WATERVILLE — When Freddie Pullen was diagnosed with Alzheimer’s disease and his license eventually was taken away, he still showed up at his business, Freddie’s Garage, every day and sat in his chair.

“He didn’t understand why he couldn’t work,” said Liz Pullen, his adult granddaughter. Pullen had owned the Vassalboro garage for over 50 years. “It was the hardest thing to see because you couldn’t help.”

Pullen later forgot how to eat, chew and swallow and could not use the bathroom alone. He and his wife, Bev, who also suffered from Alzheimer’s, unknowingly would leave their gas stove on. Brittanee Guerette, another granddaughter, said the situation grew scary. The whole family rallied to take care of the aging pair.

“I always thought of it like going back to when you were a child,” Liz Pullen said.

Bev Pullen died in October 2014, and Freddie Pullen followed in November 2015. On Saturday, nine of the couple’s relatives — including great-grandchildren — walked in their honor as part of the Kennebec Valley Area Walk to End Alzheimer’s. The event, which has taken place in either Waterville or Augusta for 25 years, aims to raise awareness about the disease, which affects 28,000 Mainers today and over 5 million people nationwide, according to the Alzheimer’s Association. This year, the director of communications for Maine’s chapter of the Alzheimer’s Association, Drew Wyman, said nearly 300 people showed up at the Head of Falls to participate.

Liz Pullen, who has walked with the Proud Pullens team at the fundraiser for three years, said that seeing people who have been affected by Alzheimer’s gather in an uplifting setting is powerful. Participants are given color-coded flower windmills to march with. Blue indicates that the wearer has Alzheimer’s or dementia, yellow represents caretakers, purple symbolizes having lost someone to the disease, and orange shows general support for finding a cure. Together, everyone walks a 3.5-mile (or 1-mile) route around the city.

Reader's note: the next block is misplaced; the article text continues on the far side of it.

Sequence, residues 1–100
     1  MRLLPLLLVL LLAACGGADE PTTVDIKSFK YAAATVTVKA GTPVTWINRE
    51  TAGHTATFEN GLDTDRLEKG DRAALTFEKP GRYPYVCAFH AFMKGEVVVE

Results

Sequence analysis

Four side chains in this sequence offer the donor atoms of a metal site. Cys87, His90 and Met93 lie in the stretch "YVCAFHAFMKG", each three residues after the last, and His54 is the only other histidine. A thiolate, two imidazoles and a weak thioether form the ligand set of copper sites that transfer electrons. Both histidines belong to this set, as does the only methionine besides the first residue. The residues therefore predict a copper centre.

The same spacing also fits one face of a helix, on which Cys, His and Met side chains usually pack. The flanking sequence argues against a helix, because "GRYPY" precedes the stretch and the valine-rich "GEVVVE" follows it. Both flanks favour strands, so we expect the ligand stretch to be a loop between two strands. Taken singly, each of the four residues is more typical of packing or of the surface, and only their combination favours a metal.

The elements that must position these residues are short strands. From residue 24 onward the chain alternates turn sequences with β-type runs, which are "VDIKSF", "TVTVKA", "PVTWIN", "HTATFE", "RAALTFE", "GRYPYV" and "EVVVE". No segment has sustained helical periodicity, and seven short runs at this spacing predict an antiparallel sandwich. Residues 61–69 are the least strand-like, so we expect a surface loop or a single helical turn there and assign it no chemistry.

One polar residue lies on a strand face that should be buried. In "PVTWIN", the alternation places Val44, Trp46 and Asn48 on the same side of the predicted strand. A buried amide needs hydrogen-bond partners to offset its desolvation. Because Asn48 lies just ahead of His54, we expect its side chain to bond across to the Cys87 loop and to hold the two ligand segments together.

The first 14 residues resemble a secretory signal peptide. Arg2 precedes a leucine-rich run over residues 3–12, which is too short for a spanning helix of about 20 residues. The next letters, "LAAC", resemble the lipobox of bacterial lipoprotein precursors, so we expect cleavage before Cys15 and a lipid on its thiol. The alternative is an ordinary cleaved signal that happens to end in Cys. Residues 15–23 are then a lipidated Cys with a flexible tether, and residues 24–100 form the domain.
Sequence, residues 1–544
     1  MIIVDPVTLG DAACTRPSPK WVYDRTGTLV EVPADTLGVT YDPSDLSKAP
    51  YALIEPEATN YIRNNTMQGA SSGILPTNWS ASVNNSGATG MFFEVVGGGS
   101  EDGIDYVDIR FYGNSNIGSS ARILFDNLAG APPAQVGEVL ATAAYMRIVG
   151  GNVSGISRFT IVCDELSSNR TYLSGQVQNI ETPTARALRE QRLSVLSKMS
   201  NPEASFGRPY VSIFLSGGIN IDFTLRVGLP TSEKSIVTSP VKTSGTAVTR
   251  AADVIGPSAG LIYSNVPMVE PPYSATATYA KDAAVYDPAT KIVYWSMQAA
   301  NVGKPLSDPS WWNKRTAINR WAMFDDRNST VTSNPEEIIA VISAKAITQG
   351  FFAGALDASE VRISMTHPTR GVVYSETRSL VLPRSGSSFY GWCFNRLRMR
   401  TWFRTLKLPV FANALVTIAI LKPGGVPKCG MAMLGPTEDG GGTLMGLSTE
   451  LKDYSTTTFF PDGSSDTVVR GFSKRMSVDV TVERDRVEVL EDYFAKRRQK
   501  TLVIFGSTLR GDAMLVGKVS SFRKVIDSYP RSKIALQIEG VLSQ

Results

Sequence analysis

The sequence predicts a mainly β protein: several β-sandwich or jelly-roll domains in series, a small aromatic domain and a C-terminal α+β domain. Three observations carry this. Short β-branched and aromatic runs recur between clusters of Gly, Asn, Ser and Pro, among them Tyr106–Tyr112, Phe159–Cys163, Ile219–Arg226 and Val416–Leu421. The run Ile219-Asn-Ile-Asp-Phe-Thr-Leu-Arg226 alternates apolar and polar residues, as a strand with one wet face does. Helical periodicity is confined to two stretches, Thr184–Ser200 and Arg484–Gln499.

“It’s definitely worth coming and seeing who’s here and seeing who else is going through what you’ve gone through,” Liz Pullen said.

Mary White, a daughter of Freddie and Bev Pullen, started attending the annual event nearly 24 years ago, when she was a caretaker for elderly people at the Cedar Ridge Center in Skowhegan. For her, the day took on added meaning after her father’s death.

“Unless you’ve gone through it, you have no idea what it’s about — the toll it takes on the family, emotionally and everything,” White’s sister-in-law Tammy Pullen added.

While the event provides a supportive space for people affected by the disease, it also serves as a reminder of the importance of contributing money to help fight Alzheimer’s. Wyman said that before Saturday, the Maine chapter had raised about $50,000 of its $80,000 goal for the calendar year. The amount earned on the day of the walk had not been calculated by press time.

“We’re really appreciative of everyone fundraising and participating and getting involved,” Wyman said.

Wyman noted that the family-oriented nature of Saturday’s event was important to him.

“A lot of people don’t realize how (Alzheimer’s) affects kids,” he said. “They know it affects older people, but it’s really the whole family. I say that from personal experience.” Wyman helped take care of his grandmother who had dementia when he was a young teen.

The walk was led by Jamison Connolly, a local Cub Scout, who held a white flower windmill symbolizing hope for a cure.

Walks to End Alzheimer’s take place in towns and cities across the country and are the world’s largest events held to raise awareness for Alzheimer’s. The Alzheimer’s Association uses funds to promote research, educate the public about brain health, do advocacy work and support individuals with dementia.

Similar walks are scheduled for Oct. 20 in Brunswick and Bangor.

Meg Robbins — 861-9239

[email protected]

Twitter: @megrobbins

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